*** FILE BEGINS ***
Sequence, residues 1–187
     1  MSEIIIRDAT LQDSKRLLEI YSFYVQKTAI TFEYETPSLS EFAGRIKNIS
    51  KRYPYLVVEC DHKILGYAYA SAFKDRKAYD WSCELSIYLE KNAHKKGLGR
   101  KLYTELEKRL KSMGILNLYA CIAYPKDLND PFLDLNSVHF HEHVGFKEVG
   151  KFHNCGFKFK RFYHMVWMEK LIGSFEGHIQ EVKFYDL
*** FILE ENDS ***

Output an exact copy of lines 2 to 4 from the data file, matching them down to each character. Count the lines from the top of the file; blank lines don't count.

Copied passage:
     1  MSEIIIRDAT LQDSKRLLEI YSFYVQKTAI TFEYETPSLS EFAGRIKNIS
    51  KRYPYLVVEC DHKILGYAYA SAFKDRKAYD WSCELSIYLE KNAHKKGLGR
   101  KLYTELEKRL KSMGILNLYA CIAYPKDLND PFLDLNSVHF HEHVGFKEVG